Analysis Politics

The role of the US Supreme Court on women's rights

Hannah Boyle examines the new Texas abortion law and the effect it will have on the fight for women's rights in the US

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New and extreme abortion legislation came into force in September 2021 in the state of Texas, USA, following a lack of intervention from the Supreme Court. The new ‘Heartbeat Act’ outlaws all abortions once embryonic cardiac activity is detected, often around six weeks into a pregnancy. The legislation, which was passed by the Republican dominated legislature and signed by Texas Governor Greg Abbott, outlaws abortion in all circumstances. While exceptions may be made for medical necessity, in which doctors’ guidance is essential, there are no measures for pregnancies as a result of rape or incest.

Despite emergency appeals to the Supreme Court by pro-choice groups such as Planned Parenthood and a lawsuit from the Biden administration, it was confirmed in September that the legislation would come into effect.

The legislation also gives power to private citizens to take legal action against anyone who ‘aids and abets’ an illegal abortion, including doctors, clinic staff and family members- suing for up to ten thousand dollars in a successful case.

Texas is not an isolated event: three other states in the USA, South Carolina, Idaho and Oklahoma have all attempted to pass similar legislation, however, have been held in legal challenges. In a day and age of modern politics, in which Biden won an election asking Americans to “keep the faith,” can we really be sure of the rights of women in politics and across America?

The new and challenging law comes close to providing compelling evidence for erosion of rights — challenging the landmark ‘Roe v Wade’ ruling where it was declared that women have the right to an abortion up until 22–24 weeks into the pregnancy. The increasing politicisation of the Supreme Court, now weighted heavily towards a conservative majority with the appointment of Amy Coney Barret last year, indicates that rights are a bargaining chip to be decided along party lines.

While the Supreme Court decided that the rules should stand until it can be considered fully, it should be asked: if this legislation cannot be considered fully at the first opportunity, what can? What value is being assigned to the rights of women if it cannot even be put first on the agenda of the court designed to uphold the rights of American citizens as highlighted in the constitution?

No longer a secure and apolitical check and balance against the system, the Supreme Court has failed to secure the rights of women in Texas, and the worry is that more states could be next and more rights could become overturned in the conflict between America’s Liberals and Conservatives.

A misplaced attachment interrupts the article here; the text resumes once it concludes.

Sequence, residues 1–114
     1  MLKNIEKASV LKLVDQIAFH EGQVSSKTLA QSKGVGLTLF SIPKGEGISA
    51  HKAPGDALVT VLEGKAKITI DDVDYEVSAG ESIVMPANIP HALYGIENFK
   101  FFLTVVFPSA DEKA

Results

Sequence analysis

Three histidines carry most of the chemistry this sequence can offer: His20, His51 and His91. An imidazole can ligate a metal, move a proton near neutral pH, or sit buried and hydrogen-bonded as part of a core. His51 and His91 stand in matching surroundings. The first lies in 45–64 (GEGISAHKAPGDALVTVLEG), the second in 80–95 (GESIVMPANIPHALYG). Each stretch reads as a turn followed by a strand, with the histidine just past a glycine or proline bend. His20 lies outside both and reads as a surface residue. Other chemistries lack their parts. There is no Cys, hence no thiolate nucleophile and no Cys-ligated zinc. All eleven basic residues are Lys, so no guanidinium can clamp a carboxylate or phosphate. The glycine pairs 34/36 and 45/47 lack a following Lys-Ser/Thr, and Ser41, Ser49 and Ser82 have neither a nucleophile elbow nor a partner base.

These political battles are under-lined by the harsh reality that banning safe abortions leads to illegal and dangerous backstreet clinics, posing more harm to women in the long term. Concerns over the impact of the legislation stretch beyond the physical wellbeing of women, financial shifts and burdens may increase, as well as increased demand on mental health provision.

And these are not the only worries. According to The Guardian, countries in which abortion rules are under threat is not the only thing to be concerned about, as these often come in tandem with threats to other basic human rights, including rights of minorities and LGBTQ+ communities.

Despite the election of Biden as US President, security for these groups cannot be assumed, with each state championing just enough power to undermine federal rights — and perhaps Texas is just the start.

While abortion access may be a well-known topic of controversy, women in America already face challenges from every choice they make. Being a woman in politics is already a deep and problem filled water in which to swim, whether you go to the Met Gala sporting a ‘Tax the Rich’ dress and find yourself trolled in the swamps of Twitter, or you are simply a woman existing in the political eye-women’s rights have appear to be challenged to a new level.

From harassment outside abortion clinics and online, to potential discrimination in the workplace for requiring maternity leave and having childcare obligations, women deserve better, and it is only a matter of time before they demand equal standing in the eyes of Supreme Court of the United States.

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